Have you ever seen a student or two just shut down and give up in the middle of class? Perhaps you gave a writing assignment, silent reading time, or pair/group work. Maybe they didn’t understand your directions, or maybe they feel overwhelmed by the task.
There could be an underlying behavioral or learning disability that can account for the behavior, or maybe they could be in a bad mood from something that happened earlier.
So, what can you do when a student shuts down?
I found an article on We Are Teachers that addresses this very issue. It give nine quick tips from other educators about how they do it. Their suggestions are helpful and may work. If they don’t, then you can find a way that helps you and your student(s) achieve their best!
Here they are:
- Start by talking with the student. Checking in, even just briefly, can help kickstart a reluctant student. “If I notice a student hasn’t started working after I give directions, I’ll go over and ask if he has any questions. Sometimes they do and sometimes it’s the reminder they need to get going.” —Erin F.
- Grade accordingly. Whether it’s a lower participation grade or simply an incomplete for the assignment, the student’s grade should reflect the level of effort. “I have a student like this, and I’ve just been grading her work as is. I had some pushback from the parents who were making excuses, claiming she didn’t understand the material, but her test scores prove otherwise!” —Jacqueline T.
- Make up the time. “I always tell my kids that if they don’t work during work time, then they have to work during play time, and they miss recess. Of course, even then sometimes the work doesn’t get done, but at least there were consequences to help them understand.” —Doreen G.“The time they just shut down could be considered their ‘recess’ since they’re taking a break from your instructional time. Maybe tell that to the student beforehand.” —Jackie S.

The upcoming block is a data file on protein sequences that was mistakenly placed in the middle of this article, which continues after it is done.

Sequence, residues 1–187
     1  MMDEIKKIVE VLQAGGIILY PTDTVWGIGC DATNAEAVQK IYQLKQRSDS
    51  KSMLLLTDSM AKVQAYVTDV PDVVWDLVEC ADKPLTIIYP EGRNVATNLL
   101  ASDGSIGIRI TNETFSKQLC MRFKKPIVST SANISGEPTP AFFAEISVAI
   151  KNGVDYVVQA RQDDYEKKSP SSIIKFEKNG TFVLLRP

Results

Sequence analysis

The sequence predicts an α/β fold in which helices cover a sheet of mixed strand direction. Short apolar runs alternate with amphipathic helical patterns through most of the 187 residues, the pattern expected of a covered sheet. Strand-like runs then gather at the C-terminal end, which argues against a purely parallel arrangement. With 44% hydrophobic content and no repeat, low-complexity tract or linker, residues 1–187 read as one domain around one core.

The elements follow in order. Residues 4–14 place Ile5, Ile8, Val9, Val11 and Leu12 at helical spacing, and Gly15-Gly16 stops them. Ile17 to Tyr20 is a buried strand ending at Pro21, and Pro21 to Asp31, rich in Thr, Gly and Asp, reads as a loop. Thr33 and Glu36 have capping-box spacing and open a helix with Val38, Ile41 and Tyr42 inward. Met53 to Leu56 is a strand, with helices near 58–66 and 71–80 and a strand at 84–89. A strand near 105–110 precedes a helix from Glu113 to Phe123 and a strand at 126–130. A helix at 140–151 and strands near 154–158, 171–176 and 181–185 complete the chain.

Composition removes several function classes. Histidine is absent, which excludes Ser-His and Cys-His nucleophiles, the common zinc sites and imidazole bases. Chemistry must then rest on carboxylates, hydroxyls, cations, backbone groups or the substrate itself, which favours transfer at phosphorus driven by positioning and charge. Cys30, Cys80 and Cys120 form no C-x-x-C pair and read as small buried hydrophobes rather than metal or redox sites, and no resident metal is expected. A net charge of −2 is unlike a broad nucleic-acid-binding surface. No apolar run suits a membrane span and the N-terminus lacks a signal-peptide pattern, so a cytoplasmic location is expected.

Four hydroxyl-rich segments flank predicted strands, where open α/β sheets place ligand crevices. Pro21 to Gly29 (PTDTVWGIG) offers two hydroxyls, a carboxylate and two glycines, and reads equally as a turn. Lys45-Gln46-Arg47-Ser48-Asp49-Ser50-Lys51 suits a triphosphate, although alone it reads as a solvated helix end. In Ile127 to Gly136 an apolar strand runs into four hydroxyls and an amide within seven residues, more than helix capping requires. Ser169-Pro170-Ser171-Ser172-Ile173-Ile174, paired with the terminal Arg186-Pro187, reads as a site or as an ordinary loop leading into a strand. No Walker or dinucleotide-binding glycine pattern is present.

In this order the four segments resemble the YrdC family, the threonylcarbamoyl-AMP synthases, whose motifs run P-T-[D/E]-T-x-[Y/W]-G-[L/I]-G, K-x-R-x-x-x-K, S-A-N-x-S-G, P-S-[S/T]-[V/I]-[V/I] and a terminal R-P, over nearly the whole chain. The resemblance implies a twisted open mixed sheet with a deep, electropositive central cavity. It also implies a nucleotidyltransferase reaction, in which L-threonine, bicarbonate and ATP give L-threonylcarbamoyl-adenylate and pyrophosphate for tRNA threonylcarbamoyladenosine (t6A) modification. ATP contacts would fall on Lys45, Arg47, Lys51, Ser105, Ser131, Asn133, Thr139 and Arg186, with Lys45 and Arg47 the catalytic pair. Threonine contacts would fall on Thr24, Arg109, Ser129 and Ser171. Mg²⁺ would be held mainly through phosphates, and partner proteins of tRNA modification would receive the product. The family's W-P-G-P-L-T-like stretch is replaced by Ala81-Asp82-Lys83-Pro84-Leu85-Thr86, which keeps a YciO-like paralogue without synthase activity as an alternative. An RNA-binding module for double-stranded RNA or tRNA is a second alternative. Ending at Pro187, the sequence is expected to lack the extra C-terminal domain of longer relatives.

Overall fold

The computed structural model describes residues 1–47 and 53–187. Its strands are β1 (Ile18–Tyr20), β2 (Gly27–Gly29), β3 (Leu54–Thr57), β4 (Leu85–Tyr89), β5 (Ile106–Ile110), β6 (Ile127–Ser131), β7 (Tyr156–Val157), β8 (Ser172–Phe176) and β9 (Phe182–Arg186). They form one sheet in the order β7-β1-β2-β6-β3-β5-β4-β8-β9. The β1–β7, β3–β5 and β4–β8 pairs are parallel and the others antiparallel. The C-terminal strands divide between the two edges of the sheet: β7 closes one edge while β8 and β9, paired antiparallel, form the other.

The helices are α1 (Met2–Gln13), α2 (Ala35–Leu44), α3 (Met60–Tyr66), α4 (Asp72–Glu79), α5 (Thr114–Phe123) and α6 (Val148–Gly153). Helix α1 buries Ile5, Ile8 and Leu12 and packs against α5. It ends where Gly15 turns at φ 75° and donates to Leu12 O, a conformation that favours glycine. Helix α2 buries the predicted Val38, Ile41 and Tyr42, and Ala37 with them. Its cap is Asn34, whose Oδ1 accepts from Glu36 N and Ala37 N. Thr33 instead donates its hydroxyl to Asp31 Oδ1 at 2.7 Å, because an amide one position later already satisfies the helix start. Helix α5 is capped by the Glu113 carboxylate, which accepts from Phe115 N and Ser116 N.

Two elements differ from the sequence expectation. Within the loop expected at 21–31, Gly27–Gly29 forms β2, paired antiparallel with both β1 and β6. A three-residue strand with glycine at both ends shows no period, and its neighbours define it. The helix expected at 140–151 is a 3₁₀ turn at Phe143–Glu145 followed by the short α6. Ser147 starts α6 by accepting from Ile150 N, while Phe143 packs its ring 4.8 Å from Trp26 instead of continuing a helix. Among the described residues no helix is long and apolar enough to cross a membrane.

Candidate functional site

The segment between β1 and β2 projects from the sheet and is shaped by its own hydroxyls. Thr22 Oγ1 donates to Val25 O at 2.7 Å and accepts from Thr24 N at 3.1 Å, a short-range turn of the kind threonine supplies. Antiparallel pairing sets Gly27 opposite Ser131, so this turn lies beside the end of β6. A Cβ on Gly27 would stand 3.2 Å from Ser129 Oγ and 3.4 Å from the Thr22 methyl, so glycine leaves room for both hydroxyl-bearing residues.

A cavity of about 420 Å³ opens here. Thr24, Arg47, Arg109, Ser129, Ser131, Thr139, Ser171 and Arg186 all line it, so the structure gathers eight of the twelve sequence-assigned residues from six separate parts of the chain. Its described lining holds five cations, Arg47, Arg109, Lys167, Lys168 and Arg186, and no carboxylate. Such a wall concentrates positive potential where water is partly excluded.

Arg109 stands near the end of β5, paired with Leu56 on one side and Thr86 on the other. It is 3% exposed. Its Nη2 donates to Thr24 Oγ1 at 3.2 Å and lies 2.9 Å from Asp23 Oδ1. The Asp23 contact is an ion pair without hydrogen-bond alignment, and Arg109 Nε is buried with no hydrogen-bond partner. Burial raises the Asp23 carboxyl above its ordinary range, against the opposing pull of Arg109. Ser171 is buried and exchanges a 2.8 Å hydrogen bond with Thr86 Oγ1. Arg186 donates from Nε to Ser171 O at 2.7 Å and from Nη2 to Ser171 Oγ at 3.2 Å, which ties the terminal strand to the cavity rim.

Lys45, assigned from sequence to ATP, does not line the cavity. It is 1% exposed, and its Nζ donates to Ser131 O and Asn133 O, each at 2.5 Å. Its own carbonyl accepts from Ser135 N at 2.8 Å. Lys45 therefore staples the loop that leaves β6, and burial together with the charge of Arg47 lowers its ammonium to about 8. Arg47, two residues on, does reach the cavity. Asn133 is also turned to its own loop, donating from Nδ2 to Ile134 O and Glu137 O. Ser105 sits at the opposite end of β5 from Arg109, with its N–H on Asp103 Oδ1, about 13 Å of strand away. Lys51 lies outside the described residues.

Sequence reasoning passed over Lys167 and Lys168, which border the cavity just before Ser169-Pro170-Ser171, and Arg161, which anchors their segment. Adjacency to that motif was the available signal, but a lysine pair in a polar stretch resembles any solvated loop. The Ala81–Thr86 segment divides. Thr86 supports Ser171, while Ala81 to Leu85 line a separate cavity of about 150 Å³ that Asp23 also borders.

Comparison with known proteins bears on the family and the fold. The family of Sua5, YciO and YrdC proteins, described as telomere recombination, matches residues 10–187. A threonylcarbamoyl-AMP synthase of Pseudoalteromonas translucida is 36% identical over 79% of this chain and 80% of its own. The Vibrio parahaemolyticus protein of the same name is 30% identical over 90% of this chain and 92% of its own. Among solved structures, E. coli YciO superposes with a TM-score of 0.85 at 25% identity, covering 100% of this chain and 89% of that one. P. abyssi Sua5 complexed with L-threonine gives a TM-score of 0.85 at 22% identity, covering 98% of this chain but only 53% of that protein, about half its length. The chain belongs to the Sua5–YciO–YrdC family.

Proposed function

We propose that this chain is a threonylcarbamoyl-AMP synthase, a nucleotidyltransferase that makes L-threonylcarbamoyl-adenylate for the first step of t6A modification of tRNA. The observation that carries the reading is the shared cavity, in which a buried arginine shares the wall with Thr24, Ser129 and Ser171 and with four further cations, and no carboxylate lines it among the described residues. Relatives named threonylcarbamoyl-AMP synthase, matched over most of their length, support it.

- Find a quiet spot. “Can you create a special spot for that student to work? Some of my students shut down because they become distracted, and they each have a spot somewhere else in the classroom they move to in order to focus and do their work.” —Chelsea E.
- Don’t nag. It’s ineffective and will zap all of your energy. “I quietly go to students like this and let them know their options: do work now, or lose a privilege. Then I walk away and let them make their choices. I don’t nag. They almost always make the right choice, and I applaud them for it and make sure they know they’ve done the right thing.” —Jennifer G.
- Consider the level. “It may be that he’s lacking the skills needed to complete the task. Give him a more basic assignment, and see how he does with that.” —Jo Marie S.
- Break up the work. It might be the totality of the assignment that’s weighing the student down. “Break up the task into two or three parts and give them to him one by one. That might help him feel less overwhelmed.” —Tiffany S. “Chunk the assignment and say something like, ‘I’ll be back in ten minutes to check numbers one through five.’” —Samantha B.
- Set goals. “Use a goal sheet and have the student set a goal of a specific number of problems they can get done in the amount of time given to the kids to work. Five minutes before the rest of the class’s time is up, check back in with the student and discuss the goal. Readjust until the student can start to set higher goals. The goal is not to make students do the most work; the goal is to have the students show improvements and make learning happen at each student’s level. I do this, and it works!” —Leslie G.
- Understand your limitations. At the end of the day, you can’t make a student do anything that he or she refuses to do. If you try every strategy and nothing’s working, “[d]ocument what’s happening, and move on.” —Frankie C.
Keep these tips in mind and also keep encouraging your students!